There are two parts to a funeral service :
- a cremation or burial, which is disposal of the body
- a ceremonial element, often called a Memorial Service (or Celebration of Life)
There are many reasons for holding two separate events.
When a death is unexpected or particularly tragic, some families prefer a very small, intimate cremation or burial by a larger memorial service. Or it can be a straight matter of convenience – if family and friends are scattered geographically, it takes time to get everyone together and in these cases separating the disposal and the ceremonial parts removes the time pressure.
Without the coffin present, the focal point of the any ceremony to photographs, flowers and special memorabilia that reminds us of the person who has died. A thoughtful memorial table really brings the them into the room.
Having some of their handwriting on the table is incredibly evocative. A favourite cardigan, their old tool box, even their favourite old chair. Perhaps a handwritten book of recipes, a treasured collection of Bonsais or their well-worn hat.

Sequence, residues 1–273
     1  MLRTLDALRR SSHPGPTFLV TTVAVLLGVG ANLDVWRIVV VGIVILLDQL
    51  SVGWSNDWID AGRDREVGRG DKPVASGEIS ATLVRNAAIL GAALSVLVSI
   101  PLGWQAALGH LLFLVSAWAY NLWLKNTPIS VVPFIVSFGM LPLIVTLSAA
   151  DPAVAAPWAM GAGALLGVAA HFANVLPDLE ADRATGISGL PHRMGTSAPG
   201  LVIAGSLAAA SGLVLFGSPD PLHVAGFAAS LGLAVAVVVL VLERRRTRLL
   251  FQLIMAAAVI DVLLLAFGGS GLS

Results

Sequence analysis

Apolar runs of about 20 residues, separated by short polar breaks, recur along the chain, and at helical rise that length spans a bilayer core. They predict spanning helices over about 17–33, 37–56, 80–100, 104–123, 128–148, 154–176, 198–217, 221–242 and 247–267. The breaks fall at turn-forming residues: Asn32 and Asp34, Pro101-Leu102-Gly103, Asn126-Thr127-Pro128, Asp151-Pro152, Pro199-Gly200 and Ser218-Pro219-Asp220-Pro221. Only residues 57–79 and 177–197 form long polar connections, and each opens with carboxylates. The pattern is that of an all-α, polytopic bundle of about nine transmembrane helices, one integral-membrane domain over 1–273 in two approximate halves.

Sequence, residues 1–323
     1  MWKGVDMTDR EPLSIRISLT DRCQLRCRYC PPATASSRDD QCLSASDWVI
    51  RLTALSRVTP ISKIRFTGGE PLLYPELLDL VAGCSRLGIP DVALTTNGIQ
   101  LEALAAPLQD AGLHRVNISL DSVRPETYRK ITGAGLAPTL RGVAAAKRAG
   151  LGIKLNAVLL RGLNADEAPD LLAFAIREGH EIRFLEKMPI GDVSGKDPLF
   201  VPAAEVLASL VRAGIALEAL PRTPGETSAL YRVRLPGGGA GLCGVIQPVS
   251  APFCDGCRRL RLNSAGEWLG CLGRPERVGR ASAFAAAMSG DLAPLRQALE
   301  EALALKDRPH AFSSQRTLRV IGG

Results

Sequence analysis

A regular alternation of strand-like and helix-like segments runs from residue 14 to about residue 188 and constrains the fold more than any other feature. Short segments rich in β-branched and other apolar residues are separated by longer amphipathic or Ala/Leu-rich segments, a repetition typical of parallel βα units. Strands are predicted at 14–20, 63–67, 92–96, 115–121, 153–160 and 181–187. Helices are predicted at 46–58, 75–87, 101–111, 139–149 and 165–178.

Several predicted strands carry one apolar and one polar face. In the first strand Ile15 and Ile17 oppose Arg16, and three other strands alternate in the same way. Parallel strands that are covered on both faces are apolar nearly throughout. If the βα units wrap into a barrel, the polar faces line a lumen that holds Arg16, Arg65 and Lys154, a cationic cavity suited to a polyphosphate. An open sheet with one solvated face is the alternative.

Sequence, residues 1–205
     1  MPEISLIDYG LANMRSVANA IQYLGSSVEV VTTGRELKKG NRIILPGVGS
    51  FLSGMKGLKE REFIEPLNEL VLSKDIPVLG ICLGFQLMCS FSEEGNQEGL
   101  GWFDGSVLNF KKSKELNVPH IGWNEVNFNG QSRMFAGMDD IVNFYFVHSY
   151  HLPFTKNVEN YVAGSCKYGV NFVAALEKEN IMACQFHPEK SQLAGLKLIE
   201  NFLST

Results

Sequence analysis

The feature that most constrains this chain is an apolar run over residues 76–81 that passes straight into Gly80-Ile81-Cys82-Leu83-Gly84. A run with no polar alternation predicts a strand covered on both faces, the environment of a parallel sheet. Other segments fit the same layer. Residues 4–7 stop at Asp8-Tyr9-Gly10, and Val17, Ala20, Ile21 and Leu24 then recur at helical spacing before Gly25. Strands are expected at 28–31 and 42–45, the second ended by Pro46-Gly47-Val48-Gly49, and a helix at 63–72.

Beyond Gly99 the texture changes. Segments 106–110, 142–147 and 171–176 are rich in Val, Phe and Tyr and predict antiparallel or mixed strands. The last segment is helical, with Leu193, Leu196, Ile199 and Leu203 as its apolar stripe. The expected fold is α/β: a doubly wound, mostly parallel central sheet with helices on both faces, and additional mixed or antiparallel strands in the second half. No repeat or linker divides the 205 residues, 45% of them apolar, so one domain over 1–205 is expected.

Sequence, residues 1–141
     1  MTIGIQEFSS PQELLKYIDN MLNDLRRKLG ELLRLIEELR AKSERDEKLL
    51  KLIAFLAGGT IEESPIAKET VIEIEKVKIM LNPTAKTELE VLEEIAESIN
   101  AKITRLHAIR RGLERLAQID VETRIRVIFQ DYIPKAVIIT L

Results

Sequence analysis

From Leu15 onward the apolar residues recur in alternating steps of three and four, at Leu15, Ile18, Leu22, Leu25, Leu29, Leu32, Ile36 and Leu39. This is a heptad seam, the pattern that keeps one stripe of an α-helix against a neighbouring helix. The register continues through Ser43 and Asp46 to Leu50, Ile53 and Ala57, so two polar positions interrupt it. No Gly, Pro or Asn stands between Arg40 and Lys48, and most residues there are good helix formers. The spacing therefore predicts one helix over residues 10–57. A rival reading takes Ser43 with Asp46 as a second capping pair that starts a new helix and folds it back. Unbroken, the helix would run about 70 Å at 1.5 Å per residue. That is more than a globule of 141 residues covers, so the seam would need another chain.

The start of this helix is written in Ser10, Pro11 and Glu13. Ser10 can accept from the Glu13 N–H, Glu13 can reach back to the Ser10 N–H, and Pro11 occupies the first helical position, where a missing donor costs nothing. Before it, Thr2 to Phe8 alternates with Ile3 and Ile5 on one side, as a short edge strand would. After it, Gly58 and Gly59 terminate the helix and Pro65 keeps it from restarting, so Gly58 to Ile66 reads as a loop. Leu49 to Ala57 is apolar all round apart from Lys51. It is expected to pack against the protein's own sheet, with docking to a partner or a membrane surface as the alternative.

As we talk with families about what things they might choose for the memorabilia table, there is almost always a warm breeze of optimism at the realisation that whilst their person has gone, they really ARE still surrounded by so many special memories.
Even though their physical being is no longer amongst us, their spirit and their memory and all that they were will always remain, and these few special things symbolise more than words can say.
Acknowledging the transition from their physical being is the most important aspect of the memorial service.
Honouring the departed can be done in many different ways and even though we cannot physically feel their touch nor see them, we know their magnificent spirit lives on forever in those they loved.
Every person is unique. Every family is different.
With us, every Funeral is Individual.
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